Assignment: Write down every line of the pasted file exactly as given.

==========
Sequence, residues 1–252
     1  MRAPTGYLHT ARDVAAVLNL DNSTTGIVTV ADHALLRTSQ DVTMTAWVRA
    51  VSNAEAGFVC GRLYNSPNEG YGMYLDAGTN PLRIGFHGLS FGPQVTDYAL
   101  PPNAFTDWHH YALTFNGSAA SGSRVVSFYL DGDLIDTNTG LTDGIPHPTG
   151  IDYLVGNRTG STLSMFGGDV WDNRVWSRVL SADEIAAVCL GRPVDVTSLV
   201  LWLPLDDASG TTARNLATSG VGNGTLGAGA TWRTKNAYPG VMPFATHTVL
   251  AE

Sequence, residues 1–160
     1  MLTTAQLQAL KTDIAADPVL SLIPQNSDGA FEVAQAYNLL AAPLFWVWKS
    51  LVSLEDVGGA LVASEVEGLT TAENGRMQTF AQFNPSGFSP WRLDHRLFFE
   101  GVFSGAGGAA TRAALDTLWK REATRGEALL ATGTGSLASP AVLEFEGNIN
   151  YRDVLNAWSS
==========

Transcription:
Sequence, residues 1–252
     1  MRAPTGYLHT ARDVAAVLNL DNSTTGIVTV ADHALLRTSQ DVTMTAWVRA
    51  VSNAEAGFVC GRLYNSPNEG YGMYLDAGTN PLRIGFHGLS FGPQVTDYAL
   101  PPNAFTDWHH YALTFNGSAA SGSRVVSFYL DGDLIDTNTG LTDGIPHPTG
   151  IDYLVGNRTG STLSMFGGDV WDNRVWSRVL SADEIAAVCL GRPVDVTSLV
   201  LWLPLDDASG TTARNLATSG VGNGTLGAGA TWRTKNAYPG VMPFATHTVL
   251  AE

Sequence, residues 1–160
     1  MLTTAQLQAL KTDIAADPVL SLIPQNSDGA FEVAQAYNLL AAPLFWVWKS
    51  LVSLEDVGGA LVASEVEGLT TAENGRMQTF AQFNPSGFSP WRLDHRLFFE
   101  GVFSGAGGAA TRAALDTLWK REATRGEALL ATGTGSLASP AVLEFEGNIN
   151  YRDVLNAWSS